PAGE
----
Heather Hodges was born on August 15, 1989. Growing up in Rocky Mount, Virginia, she was close with her family, which consisted of her mother, Paula, and her sister, Crystal. To those closest to her, the young woman was known as “Tink”, due to her love of the Peter Pan character, Tinkerbell.
Heather was described as a bubbly person who was known to stand her ground when she strongly believed in something. She had attended school to become a pharmacy technician, but later switched to studying criminal justice. However, at some point in her life, she was introduced to drugs and began using. In 2008, Heather was found guilty of felony grand larceny, which resulted in a three year sentence with all but six months suspended.
Heather lived in a double-wide mobile home along the Blackwater River, where she regularly kayaked and fished. She lived with her then-boyfriend, 39-year-old Paul R. Jordan II. Known as Scooter to those who knew him, he was a convicted felon who also had misdemeanour convictions. The pair’s relationship was both abusive and controlling, and they regularly suffered problems.
In 2012, Heather was raising her 2-year-old daughter, Serenity. She was unemployed at the time, due to an inheritance she and Crystal had received from a grandmother. Previously, she had worked as a waitress.
On April 5, 2012, Heather’s mother filed a misdemeanour assault and battery charge against Paul, claiming he’d struck her with a chair and various metal objects during an argument, before chasing her off the premise with a baseball bat. As a result, he was charged with misdemeanour assault.
Over Easter in 2012, Heather went to stay with family, as she and Paul were having problems at the time. On April 9, Crystal dropped her sister back home at around 6:30am, before she herself went to an appointment. The pair had planned to reconnect later in the day. However, when Crystal called the home to ask when Heather wanted to be picked up, Paul said she was asleep.
At 10:30pm that night, Paul claims to have left the pair’s home in order to buy Heather a Blizzard from the nearby Dairy Queen located at the corner of US 220 and Wirtz Road. He was gone for a total of 10 minutes, and when he returned he found that Heather was nowhere to be found. Crying, he contacted the family to inform them of this, saying she had left behind her car, cellphone and purse.
On April 11, Paul officially reported Heather as missing. The reason for the delay was due to the fact that Heather was known to leave home for a day or so at a time. However, she had always kept in touch with her family and regularly checked in about her daughter. She had done neither in this instance.
Upon being notified of Heather’s disappearance, investigators interviewed both friends and family. Crystal, in particular, stated that her sister was a dedicated mother who wouldn’t have taken off without first notifying someone in the family.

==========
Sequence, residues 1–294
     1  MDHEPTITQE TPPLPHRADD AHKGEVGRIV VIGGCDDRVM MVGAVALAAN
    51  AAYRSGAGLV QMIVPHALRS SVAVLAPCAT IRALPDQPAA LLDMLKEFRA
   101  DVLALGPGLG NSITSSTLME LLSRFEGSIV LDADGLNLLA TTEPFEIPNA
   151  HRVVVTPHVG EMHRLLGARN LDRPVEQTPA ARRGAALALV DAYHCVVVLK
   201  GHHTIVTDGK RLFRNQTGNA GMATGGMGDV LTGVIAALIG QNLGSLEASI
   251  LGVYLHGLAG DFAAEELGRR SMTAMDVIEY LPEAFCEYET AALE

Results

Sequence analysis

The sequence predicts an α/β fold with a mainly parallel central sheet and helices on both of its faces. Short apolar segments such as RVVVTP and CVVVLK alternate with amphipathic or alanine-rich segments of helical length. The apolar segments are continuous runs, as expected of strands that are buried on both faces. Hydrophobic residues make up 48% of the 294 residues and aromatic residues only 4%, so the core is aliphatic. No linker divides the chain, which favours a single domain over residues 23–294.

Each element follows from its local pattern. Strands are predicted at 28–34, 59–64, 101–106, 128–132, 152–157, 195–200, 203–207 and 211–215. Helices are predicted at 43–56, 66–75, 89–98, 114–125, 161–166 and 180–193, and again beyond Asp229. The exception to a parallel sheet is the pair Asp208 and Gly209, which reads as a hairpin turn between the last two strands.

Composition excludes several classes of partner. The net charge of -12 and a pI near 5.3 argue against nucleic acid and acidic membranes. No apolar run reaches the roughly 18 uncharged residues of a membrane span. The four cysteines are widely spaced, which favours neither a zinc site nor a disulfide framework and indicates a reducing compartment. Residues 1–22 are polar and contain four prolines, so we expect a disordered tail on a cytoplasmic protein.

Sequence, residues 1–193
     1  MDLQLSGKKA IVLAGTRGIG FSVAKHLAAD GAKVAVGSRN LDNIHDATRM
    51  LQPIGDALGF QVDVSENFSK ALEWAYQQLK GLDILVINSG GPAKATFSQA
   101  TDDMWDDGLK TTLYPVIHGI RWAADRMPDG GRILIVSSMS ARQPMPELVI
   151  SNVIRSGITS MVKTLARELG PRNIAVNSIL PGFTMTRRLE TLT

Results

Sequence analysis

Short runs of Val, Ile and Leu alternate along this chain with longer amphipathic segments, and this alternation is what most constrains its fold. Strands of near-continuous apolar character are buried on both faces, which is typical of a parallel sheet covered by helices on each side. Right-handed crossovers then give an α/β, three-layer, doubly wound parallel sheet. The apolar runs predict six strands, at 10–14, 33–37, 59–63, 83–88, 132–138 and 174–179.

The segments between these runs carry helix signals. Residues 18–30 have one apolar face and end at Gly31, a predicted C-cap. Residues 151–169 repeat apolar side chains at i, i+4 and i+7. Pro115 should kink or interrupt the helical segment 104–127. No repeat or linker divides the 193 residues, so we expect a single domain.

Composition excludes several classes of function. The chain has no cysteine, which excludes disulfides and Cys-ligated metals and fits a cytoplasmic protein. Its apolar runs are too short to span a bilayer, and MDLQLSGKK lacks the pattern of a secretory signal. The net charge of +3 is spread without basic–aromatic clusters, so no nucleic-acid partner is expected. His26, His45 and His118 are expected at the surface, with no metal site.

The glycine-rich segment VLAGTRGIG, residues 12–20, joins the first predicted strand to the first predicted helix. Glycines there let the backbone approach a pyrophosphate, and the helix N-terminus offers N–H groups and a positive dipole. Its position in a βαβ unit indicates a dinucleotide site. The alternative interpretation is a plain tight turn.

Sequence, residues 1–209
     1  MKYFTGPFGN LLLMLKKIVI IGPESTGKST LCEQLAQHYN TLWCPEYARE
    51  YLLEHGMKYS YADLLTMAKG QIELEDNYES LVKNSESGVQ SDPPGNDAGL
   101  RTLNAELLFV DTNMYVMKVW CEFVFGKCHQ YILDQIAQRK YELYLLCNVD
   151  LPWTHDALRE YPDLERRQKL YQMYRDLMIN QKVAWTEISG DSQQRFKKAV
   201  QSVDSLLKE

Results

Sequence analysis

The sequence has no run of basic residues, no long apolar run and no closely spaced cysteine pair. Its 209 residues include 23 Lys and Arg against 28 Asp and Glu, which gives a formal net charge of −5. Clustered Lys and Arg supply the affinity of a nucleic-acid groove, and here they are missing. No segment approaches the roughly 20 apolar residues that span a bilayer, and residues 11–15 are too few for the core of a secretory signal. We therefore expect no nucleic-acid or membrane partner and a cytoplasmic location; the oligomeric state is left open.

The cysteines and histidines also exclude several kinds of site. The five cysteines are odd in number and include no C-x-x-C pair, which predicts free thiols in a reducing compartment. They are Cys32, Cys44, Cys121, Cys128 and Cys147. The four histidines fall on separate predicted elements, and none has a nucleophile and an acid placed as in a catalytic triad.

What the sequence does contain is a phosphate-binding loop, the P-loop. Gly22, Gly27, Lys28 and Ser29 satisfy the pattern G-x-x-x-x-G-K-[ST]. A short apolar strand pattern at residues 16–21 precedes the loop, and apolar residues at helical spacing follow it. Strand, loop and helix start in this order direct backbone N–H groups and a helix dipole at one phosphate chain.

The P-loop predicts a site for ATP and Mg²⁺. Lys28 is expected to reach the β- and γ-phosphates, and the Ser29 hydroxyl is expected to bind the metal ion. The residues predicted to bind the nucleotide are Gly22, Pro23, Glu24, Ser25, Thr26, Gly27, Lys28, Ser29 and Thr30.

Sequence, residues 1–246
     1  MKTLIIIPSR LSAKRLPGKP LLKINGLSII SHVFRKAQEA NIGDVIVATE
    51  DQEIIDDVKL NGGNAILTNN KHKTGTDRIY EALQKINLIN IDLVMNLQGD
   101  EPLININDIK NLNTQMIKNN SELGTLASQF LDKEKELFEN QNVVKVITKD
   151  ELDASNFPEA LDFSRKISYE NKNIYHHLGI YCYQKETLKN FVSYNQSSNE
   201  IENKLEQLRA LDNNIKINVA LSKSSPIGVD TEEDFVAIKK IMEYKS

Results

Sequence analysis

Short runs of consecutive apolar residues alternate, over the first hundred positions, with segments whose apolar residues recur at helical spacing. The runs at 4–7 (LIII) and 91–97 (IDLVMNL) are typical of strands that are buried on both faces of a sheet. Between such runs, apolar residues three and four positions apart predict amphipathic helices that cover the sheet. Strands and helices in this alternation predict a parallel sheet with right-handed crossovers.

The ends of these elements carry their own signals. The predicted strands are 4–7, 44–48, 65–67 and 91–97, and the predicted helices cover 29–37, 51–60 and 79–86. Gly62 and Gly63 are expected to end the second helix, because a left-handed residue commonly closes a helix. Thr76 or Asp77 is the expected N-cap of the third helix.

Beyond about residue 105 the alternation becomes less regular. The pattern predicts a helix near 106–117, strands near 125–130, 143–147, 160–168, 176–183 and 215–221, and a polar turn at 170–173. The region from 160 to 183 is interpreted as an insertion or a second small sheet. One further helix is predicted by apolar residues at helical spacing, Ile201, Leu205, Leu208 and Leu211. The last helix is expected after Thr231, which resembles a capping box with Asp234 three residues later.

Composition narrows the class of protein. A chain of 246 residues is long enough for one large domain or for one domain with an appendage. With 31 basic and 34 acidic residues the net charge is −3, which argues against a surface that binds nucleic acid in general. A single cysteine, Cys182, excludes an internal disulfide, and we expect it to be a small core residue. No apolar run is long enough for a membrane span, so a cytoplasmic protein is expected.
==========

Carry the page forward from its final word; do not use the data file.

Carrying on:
A massive search was launched, which included a helicopter from the Virginia State Police, search teams from Franklin County’s Department of Safety, a civilian’s cadaver dog, and the county’s swift Water Rescue Team, which utilized a raft and cadaver dog to search the Blackwater River. A grid search was also conducted of a half-mile radius around Heather’s home, but both searches turned up no evidence.
Police had stated they don’t believe Paula’s allegations to be related to her daughter’s disappearance.
In June 2012, investigators discovered evidence that something violent had occurred in the home Heather and Paul shared, noting the missing woman’s blood was found on a doorknob.
Two months into the investigation, police said they had a person of interest. This person, who has never been publicly identified, had initially been cooperative, but later began to give varying accounts surrounding the circumstances surrounding Heather’s disappearance.
In April 2013, the Hodges family held a fundraising event to help raise money for a reward and awareness about the case. Concluding in a special tribute to Heather, it featured a 50/50 raffle, door prizes, a silent auction, numerous activities for children and a jar where attendees could give donations.
In June 2013, the Franklin County Sheriff announced the case had become a criminal investigation, while also stating it had been investigated as a major crime since day one.
In 2014, court documents revealed Paul’s version of events. However, investigators have not publicly shared whether or not they have been able to confirm his story.
On October 10, 2014, CUE Center for Missing Persons embarked on the On the Road to Remember Tour, which travelled 4,000 miles across eleven states. It highlighted 110 missing persons, unsolved murders and unidentified persons, and aimed to bring in new information about these cases. For the Rocky Mount stop, Paula teamed up with the organization’s Virginia State Director Shawn White to help shed a light on Heather’s disappearance.